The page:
In this column, several previous articles focused on mechanics experiments that can be analyzed using a mobile video motion analysis. However, the use of this method is also possible in completely different areas, which is the focus of this article.

In this column, several previous articles focused on mechanics experiments that can be analyzed using a mobile video motion analysis.1–5 However, the use of this method is also possible in completely different areas, which is the focus of this article.

Based on a high-speed recording of an incandescent light bulb, which shows periodic fluctuations in the brightness that cannot be perceived by the eye under normal conditions, the question is raised regarding the origin of these fluctuations. Here we show that the AC voltage of the power grid is the cause for these fluctuations, and careful observation allows a determination of the power line frequency.6 Since the brightness of an incandescent lamp in a simple resistive circuit is independent of the direction of the current, the bulb is equally bright whether the voltage is positive or negative. Therefore, to calculate the power line frequency, the determined flashing frequency must be halved (Fig. 1).

Fig. 1.

Relationship between voltage and brightness (for a frequency of 50 Hz).

Fig. 1.

Relationship between voltage and brightness (for a frequency of 50 Hz).

Close modal

The main reason that alternating voltage is used in power grids for energy transmission is the transformability of the voltage. In order to avoid heat loss, the voltage of long-distance lines is transformed to high values. In common households, however, a significantly lower and less dangerous voltage is used. If there is a need for a higher voltage in a household, the voltage can be transformed using electrical transformers. The power line frequency in most parts of the world is 50 Hz and in Northern America it is 60 Hz. The frequency value is not arbitrary, but follows several criteria7: Higher frequencies allow smaller transformer cores (lighter and cheaper), but they also produce larger conduction losses due to the skin effect and cause larger phase shifts as the frequency is directly related to the number of rotations and poles of generators and motors (increase of centrifugal forces). Therefore, the choice of 50 or 60 Hz is a compromise of various factors.

Fig. 2.

Worldwide distribution of the power line frequency.8

Fig. 2.

Worldwide distribution of the power line frequency.8

Close modal

The investigated experiment has already been described in Ref. 9, but the authors used a digital camera with a frame rate of 1000 fps. In this work, we used a conventional smartphone, which allows students to perform the experiment at home without the need for additional equipment. New smartphone models typically feature a high-speed recording mode but the maximum frame rate is often limited to 240 fps. The significantly lower number of frames per second in comparison to the experiment in Ref. 9 requires an additional reduction in the playback speed for video analysis. This can easily be done directly in the smartphone using free apps.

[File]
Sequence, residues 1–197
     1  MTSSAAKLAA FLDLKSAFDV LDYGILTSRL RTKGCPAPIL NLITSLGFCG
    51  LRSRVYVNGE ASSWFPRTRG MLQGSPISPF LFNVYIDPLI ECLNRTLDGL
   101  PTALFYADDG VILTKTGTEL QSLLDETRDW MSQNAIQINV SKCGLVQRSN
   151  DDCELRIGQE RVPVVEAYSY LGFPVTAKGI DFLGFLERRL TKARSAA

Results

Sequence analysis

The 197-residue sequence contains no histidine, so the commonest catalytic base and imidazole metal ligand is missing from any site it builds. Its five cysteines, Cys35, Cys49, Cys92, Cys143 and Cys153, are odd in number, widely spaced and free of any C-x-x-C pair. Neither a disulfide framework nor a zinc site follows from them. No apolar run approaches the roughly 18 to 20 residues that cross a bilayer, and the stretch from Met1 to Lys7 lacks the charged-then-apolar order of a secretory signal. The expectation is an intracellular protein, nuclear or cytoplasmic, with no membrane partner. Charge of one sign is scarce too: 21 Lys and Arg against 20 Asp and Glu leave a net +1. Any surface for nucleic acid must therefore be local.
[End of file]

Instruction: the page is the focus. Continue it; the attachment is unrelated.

In this experiment, we record an incandescent lamp (alternatively, LED lamps can be used if they are not operated via a stabilized DC voltage) in slow-motion mode (see Fig. 3 for a snapshot). The frame rate was set to the maximum value of 240 fps in the device settings of the iPhone 6s used here.

Fig. 3.

Filming an incandescent lamp in slow-motion mode.

Fig. 3.

Filming an incandescent lamp in slow-motion mode.

Close modal
Fig. 4.

Two snapshots taken from the video (left at maximum brightness, right at a lower brightness level).

Fig. 4.

Two snapshots taken from the video (left at maximum brightness, right at a lower brightness level).

Close modal

When recording at 240 fps, the playback speed is 1/8 of the actual process speed. Here, the periodic changes in brightness are already clearly visible but they are still too fast for a quantitative evaluation. Therefore, we further reduce the playback speed with an appropriate app. In the example measurement described here, the application VivaVideo10 was used for this purpose. The app allows a reduction of the playback speed by a factor of 0.25. The output video was saved and its playback speed was additionally reduced by a factor of 0.25. Consequently, the actual process is 128 times faster compared to the playback speed of the slow-motion video. Finally, the slow-motion video was cut to a length of exactly one minute, which implies that the displayed process takes 60/128 < 0.47s in real time.11 In this video, the lamp lights up 47 times, which results in an actual blinking frequency of 100 Hz (= 47/60 3 128 Hz) and a power line frequency of 50 Hz, corresponding exactly to the frequency of the European power grid. Since the filament always “afterglows” a little, the lamp does not turn off completely. However, a complete turn off can be achieved using a light-emitting diode that is connected to a non-stabilized DC voltage source and operated slightly above the threshold voltage.12

The experiment described in this paper shows that video motion analysis could not only be used to described movements of objects but also in completely different areas. The analysis of periodic fluctuations of a light bulb can be used as an introduction to the theory of alternating current. For students, the flashing of the light bulb might be surprising at first and it can only be explained by a periodically changing voltage. The use of smartphones as experimental tool can be helpful during learning. As research shows, learning with mobile video analysis could increase conceptual understanding13,14 while decreasing irrelevant cognitive effort and negative emotions.13,15

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